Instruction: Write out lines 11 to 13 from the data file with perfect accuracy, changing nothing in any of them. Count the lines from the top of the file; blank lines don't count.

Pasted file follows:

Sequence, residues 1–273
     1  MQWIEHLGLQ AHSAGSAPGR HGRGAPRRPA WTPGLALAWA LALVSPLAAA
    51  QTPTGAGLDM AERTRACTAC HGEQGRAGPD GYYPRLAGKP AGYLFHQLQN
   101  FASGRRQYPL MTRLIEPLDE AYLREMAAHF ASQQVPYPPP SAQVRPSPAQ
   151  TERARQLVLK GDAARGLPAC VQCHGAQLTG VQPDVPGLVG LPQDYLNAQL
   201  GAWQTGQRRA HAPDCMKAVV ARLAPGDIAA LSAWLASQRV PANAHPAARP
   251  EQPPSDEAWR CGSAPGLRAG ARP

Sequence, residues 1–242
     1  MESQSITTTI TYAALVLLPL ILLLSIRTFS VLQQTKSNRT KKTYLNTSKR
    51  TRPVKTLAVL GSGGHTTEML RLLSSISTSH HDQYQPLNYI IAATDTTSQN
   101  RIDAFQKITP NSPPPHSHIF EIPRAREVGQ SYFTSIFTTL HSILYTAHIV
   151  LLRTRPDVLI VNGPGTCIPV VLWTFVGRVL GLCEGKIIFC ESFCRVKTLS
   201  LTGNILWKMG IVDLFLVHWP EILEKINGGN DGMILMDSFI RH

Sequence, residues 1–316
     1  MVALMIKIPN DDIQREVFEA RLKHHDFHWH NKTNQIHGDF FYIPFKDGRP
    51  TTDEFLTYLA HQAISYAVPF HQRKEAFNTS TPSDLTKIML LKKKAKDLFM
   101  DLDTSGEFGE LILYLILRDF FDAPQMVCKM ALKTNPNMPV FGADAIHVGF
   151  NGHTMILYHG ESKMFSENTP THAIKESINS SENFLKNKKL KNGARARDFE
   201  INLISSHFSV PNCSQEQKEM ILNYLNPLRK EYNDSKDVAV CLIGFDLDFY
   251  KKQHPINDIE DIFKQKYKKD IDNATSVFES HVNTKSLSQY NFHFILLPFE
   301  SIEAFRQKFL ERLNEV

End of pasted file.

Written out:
   101  RIDAFQKITP NSPPPHSHIF EIPRAREVGQ SYFTSIFTTL HSILYTAHIV
   151  LLRTRPDVLI VNGPGTCIPV VLWTFVGRVL GLCEGKIIFC ESFCRVKTLS
   201  LTGNILWKMG IVDLFLVHWP EILEKINGGN DGMILMDSFI RH